Tuesday, May 4, 2010

Bootcamp Wisdom SKILL #4

STORY LINE

Sorry I didn't make a post on Friday. I typically don't write very much on weekends, either. So, next time, I'll just say: Next Post...

I don't want to completely give away the "formula" that Linda Arms White uses, but she calls it the "Three-Act Structure." She used to write screen plays and has listed 5 books to study: Making a Good Script Great by Linda Seger, How to Write a Movie in 21 Days by Viki King, The Writer's Journey by Christopher Vogler, Screenplay by Syd Field and The Screenwriter's Workbook by Syd Field.

She has harnessed the power of screenwriting and realized its strength when applied to writing picture books, or any book of fiction really. Screenwriting is set in scenes. Well, what is a picture book? A story with illustratable scenes!

The basic structure goes something like this in its simplest form:

Beginning is Act I, or the setup
Middle is Act II, or the development
Ending is Act III, or the resolution

The problem is introduced in the setup, or Act I. The beginning of the story must include what she likes to call the CATALYST. A character encounters a problem (whether active or passive, more on this in a minute) and gives us a central question. What will the character do about the problem?

A turning point (T.P. I) occurs between Act I and Act II. It is a twist in the story, something to take the plot into a new direction, and often changes the focus of the action. I had the most trouble with this at the conference. I am used to plotting out an outline of my stories as part of my prewriting. But to pinpoint one action to label the T.P. was a challenge for me. Now I'm having a hard time reading books and NOT looking for one. Of course the first reading is still for pleasure. But afterwards, while thinking about the story, I start analyzing it. During Act II, complications continue, and the conflict gets thicker.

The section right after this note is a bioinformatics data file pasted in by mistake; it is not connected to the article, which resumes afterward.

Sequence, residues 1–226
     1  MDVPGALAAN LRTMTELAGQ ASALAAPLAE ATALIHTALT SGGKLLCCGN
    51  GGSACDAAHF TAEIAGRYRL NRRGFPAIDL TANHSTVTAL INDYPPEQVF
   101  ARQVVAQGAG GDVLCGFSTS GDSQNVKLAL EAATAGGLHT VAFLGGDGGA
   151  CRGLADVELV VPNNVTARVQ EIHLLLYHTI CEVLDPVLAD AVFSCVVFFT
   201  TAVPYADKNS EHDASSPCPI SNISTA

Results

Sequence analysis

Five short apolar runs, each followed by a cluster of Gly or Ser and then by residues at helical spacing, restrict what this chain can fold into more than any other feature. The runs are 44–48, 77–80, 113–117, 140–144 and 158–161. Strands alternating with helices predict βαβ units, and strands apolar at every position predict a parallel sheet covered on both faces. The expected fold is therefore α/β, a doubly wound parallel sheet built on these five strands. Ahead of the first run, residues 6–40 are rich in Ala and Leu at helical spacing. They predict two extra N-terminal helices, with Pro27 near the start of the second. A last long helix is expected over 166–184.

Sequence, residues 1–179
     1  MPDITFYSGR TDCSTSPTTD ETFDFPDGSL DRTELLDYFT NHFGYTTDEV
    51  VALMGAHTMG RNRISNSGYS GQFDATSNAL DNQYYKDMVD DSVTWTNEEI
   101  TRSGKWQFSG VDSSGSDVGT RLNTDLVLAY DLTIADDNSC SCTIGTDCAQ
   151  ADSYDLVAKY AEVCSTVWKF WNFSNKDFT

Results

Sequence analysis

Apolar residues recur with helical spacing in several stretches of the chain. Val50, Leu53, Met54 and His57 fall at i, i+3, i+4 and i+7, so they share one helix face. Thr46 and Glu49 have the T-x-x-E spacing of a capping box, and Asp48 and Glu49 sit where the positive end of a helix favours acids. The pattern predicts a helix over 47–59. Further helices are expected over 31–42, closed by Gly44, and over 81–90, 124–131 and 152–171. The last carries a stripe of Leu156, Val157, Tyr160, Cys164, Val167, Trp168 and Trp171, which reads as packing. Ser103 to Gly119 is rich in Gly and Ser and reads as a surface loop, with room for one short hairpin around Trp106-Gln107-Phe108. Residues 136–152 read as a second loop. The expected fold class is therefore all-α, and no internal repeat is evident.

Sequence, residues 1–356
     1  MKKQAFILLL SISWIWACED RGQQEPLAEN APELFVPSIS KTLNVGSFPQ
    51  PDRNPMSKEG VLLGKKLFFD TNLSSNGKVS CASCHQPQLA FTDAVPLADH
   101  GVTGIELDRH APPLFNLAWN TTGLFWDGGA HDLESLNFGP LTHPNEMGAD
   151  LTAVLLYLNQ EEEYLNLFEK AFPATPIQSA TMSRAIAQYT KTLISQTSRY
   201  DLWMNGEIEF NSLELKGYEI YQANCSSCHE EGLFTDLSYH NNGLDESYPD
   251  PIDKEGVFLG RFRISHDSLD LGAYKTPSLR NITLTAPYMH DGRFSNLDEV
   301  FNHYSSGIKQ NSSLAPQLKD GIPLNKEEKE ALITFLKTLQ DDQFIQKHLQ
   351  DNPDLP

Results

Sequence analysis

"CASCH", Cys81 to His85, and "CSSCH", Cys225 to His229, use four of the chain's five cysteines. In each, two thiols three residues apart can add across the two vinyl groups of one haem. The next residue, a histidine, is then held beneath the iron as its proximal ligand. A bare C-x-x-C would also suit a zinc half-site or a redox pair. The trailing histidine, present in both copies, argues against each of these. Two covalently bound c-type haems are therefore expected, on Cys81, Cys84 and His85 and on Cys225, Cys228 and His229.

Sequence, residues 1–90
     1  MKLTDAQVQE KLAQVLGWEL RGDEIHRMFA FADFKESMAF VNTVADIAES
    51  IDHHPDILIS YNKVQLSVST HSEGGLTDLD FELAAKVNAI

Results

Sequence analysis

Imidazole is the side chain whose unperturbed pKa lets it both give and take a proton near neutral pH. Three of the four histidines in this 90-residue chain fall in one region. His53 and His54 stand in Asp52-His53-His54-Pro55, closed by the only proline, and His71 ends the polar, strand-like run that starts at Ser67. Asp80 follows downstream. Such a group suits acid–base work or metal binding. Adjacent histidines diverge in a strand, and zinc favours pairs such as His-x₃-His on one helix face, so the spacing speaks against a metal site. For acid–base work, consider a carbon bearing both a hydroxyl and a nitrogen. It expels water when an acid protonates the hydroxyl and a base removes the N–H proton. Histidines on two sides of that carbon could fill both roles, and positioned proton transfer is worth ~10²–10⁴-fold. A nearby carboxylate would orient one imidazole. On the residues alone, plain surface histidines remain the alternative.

T.P. II bridges the gap from Act II to Act III. This second turning point speeds up the action and leads into the resolution of the problem. She calls the climax the big finish, where all the loose ends are neatly tied up and the problem has been solved. Then, say no more.

I know it's a lot to take in. And if you don't really get, that's okay. It's basically another way to think about:
Someone
Wanted
But
So
Then.
If you get the chance to attend the Bootcamp in person, Linda and Laura will address this Three-Act Structure in more detail and give plenty of explanation and examples. It's worth it, even if it's just to give your brain another way to think about plot.

So, to tie in yesterday's topic of conflict with today's topic of story line, I'll try to explain what I mean by active and passive problems, which I believe I touched on yesterday (er...Thursday). When a character wants something, has a goal, a quest, or something of that nature, and then has a hard time attaining it because a problem arose, I call that an active problem. No matter what the problem is, the character still wants to reach the goal. When a character inadvertantly happens upon a problem, I like to call that a passive problem, as in my hiccup story. She wasn't specifically wanting anything in particular, but her goal was to get rid of the problem and to return to life as normal. Just something to think about when you're thinking about your characters and the problems they face.

Next topic: Children's Fiction Categories

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